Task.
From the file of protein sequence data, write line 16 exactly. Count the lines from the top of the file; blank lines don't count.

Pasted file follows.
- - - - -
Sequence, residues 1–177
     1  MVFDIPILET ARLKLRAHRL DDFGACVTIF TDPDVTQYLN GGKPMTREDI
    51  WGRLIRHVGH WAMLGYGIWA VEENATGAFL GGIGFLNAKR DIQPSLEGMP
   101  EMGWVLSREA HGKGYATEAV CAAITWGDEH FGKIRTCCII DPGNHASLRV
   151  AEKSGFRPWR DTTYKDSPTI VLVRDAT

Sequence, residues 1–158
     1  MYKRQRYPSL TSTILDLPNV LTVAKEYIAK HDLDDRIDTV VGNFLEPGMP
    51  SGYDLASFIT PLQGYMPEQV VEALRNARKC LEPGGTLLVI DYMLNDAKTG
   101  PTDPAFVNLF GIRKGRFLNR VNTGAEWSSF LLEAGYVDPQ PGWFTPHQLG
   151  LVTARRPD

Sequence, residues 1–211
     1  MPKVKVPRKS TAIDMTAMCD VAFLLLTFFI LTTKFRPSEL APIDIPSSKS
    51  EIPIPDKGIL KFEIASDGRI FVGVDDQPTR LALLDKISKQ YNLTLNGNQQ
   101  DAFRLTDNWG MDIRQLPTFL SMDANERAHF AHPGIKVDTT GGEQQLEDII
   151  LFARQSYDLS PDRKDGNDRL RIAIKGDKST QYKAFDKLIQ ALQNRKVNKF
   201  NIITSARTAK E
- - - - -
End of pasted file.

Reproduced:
   201  NIITSARTAK E